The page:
Get your message to teens by using stories
GROWING up in Katherine in the Northern Territory, Toula Gordillo has been exposed to indigenous culture and the use of Dreamtime stories since she was a teenager.
Ms Gordillo believes storytelling has helped shape who she is today.
The clinical psychologist and school guidance officer of 20 years said there was so much we could learn from the indigenous art of storytelling to get life-changing messages through to teenagers.
With three teens of her own, Ms Gordillo knows how challenging it can be to get them to listen.
"Lecturing doesn't work. They just switch off," she said.
"Telling them what to do can bring about resistance, so we have to find other ways.
"The best way I have found to deliver important messages to teens and pre-teens is through a story, which can be oral, written with pictures or digital.
"Stories can help you to build a relationship, communicate and deliver important information without resistance."
As part of her PhD studies and informal research, Ms Gordillo has found that stories and images are what our youth relate to.
"They are growing up online, and when you think about it, digital media like Facebook and Instagram tells a story through pictures and images," she said.
Ms Gordillo said while many families read to their children, they tended to stop as they got older.
"We should not stop telling stories. I believe it is the most effective way to instil important lessons in life," she said.
"The indigenous culture never stops telling stories.
"It is something they have learnt over thousands of years, because it works. We can all learn from that."
A tale Ms Gordillo uses with her clients is an adapted version of Aesop's Fable.
It is the story of the Frog and the Scorpion, which Ms Gordillo uses to highlight certain behaviours to individuals of all ages.
While the frog internalises everything and cares too much about what other people think and how the world "should" be, the scorpion is an externaliser who is particularly clever at getting its own needs met and is more self-interested.
"I use the story to teach the importance of The Balance of 80 - learning to care for ourselves and others 80% and keeping the other 20% in reserve," Ms Gordillo said.
"This is more sustainable than caring far too much or far too little."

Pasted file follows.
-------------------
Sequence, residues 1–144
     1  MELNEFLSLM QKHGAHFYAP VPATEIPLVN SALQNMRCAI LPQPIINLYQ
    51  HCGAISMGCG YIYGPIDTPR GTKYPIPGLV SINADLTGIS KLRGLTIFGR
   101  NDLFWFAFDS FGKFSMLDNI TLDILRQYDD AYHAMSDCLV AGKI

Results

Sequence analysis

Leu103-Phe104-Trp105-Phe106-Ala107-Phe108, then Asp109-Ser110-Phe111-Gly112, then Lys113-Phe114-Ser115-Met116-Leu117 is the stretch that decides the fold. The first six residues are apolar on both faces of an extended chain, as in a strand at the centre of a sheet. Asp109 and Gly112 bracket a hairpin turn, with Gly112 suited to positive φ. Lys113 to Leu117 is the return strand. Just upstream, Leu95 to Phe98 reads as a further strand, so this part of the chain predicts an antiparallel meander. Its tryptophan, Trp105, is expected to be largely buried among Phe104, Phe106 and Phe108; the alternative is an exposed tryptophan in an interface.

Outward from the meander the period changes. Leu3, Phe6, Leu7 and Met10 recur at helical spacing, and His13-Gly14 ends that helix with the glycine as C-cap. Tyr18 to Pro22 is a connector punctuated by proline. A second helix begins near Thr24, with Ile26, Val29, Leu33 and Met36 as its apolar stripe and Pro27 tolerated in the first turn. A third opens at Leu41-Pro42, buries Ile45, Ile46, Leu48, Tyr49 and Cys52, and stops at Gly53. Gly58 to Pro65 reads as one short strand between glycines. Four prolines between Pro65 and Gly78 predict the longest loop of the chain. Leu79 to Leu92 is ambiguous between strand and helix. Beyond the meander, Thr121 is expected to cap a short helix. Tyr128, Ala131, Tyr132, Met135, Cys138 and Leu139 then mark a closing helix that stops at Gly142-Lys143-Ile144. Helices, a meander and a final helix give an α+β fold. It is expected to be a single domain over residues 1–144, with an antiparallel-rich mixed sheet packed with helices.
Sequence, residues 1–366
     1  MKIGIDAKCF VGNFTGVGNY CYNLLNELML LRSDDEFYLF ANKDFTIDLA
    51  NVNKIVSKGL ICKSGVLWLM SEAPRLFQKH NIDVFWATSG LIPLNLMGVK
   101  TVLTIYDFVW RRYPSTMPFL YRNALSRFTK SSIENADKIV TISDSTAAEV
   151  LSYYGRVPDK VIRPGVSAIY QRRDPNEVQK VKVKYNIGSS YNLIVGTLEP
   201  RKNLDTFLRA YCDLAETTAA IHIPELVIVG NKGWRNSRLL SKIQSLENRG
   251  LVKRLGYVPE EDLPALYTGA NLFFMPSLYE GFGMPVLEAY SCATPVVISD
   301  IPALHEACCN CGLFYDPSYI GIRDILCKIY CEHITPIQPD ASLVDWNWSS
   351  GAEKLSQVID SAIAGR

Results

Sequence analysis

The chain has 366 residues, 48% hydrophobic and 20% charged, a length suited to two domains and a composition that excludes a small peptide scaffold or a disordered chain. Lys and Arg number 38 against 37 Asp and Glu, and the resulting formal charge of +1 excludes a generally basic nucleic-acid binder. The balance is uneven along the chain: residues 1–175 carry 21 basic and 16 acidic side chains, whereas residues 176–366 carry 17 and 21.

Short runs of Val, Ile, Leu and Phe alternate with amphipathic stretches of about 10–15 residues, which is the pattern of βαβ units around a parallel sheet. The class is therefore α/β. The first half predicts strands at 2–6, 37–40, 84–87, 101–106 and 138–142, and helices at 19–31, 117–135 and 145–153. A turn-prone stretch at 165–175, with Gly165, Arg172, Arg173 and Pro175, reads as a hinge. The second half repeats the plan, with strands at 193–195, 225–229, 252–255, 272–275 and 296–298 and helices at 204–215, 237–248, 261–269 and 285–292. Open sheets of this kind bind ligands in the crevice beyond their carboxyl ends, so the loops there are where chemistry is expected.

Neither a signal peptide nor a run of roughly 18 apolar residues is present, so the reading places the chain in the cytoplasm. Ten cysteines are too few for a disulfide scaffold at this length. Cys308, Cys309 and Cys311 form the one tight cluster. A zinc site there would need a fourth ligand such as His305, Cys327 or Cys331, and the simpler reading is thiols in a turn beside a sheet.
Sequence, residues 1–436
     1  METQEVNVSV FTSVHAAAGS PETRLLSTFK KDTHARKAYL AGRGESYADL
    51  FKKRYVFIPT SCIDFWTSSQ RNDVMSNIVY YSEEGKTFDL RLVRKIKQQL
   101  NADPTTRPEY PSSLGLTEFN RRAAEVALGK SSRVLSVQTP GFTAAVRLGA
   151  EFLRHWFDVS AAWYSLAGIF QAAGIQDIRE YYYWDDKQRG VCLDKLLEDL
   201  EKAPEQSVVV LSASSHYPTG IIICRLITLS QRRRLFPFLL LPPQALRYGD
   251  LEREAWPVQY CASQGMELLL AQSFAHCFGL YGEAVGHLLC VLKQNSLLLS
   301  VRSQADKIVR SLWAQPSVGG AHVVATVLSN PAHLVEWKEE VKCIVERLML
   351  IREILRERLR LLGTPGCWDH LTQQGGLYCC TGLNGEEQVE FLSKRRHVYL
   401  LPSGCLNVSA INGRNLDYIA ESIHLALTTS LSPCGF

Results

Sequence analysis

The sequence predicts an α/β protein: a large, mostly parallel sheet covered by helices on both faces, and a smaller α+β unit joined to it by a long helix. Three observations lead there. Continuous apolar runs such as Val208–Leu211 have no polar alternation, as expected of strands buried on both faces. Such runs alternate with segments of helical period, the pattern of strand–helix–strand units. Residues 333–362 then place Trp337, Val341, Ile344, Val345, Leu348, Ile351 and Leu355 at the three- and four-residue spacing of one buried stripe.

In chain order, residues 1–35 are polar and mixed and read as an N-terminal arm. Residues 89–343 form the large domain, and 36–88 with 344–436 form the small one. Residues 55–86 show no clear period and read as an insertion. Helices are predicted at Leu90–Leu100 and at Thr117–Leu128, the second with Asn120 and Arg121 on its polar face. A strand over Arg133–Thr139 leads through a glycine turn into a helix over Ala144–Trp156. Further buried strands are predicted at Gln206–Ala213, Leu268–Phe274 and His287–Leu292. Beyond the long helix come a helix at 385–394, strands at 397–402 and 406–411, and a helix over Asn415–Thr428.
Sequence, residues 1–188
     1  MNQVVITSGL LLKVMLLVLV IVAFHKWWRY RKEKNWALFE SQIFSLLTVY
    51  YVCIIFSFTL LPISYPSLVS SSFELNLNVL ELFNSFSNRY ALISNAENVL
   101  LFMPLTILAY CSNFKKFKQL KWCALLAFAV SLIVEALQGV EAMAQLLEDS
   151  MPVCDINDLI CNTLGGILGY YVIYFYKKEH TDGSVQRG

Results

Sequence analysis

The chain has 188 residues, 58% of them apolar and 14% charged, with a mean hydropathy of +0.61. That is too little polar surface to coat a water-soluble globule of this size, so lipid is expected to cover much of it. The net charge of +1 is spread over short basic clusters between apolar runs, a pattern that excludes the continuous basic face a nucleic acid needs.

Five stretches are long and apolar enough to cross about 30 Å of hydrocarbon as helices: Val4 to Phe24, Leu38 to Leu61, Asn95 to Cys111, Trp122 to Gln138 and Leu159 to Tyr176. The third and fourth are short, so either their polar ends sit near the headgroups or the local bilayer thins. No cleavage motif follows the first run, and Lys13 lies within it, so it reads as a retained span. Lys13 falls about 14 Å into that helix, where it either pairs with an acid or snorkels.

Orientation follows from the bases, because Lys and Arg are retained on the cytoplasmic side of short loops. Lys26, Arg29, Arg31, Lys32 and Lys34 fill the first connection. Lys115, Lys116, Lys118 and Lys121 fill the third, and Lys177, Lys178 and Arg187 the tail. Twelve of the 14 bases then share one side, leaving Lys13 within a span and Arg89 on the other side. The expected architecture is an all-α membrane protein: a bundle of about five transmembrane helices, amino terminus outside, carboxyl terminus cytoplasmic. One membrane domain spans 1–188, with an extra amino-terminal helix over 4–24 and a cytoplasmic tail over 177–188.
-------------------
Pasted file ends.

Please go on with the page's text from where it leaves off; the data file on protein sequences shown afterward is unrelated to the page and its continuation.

The extreme type of scorpion behaviour, categorised as Adolescents Without Limits (AWOL), may develop substance abuse, self-harm
or eating disorders.
"In a way they are stinging themselves or others," Ms Gordillo said.
On the other hand, the extreme type of frog behaviour, categorised as Adolescents with Narrow/Negative Opinions in Life (ANOL), could show signs of perfectionism, anxiety, depression and problems with self-esteem.
Ms Gordillo said she had now used the story with more than 200 clients, and her preliminary research showed they had found the story useful to understand both their own and other people's behaviours and the importance of finding "The Balance".
"I believe with all my heart that people who work with teens and pre-teens should use stories as much as possible," Ms Gordillo said.
"We all remember the story of the Tortoise and the Hare to teach the message that slow and steady wins the race.
"We remember it 20 or 30 years later, because it builds a picture in our mind and we remember it. We remember the story, the picture and the message.
"Every parent, every teacher and every person who works with young people should become a master storyteller."
For more information, see http://www.talktoteens.com.au.
Teen communication tips
Remember, young people have to actually create a picture to remember a story.
Recognise the power of telling stories to create behavioural change.
Identify whether your child is a frog in general or a scorpion in general in terms of their behaviour.
Then you can think about the most appropriate stories to help them.
Stories might be from your own childhood, Facebook or ancient fables with new twists.
As you are telling the story, stop and talk about it.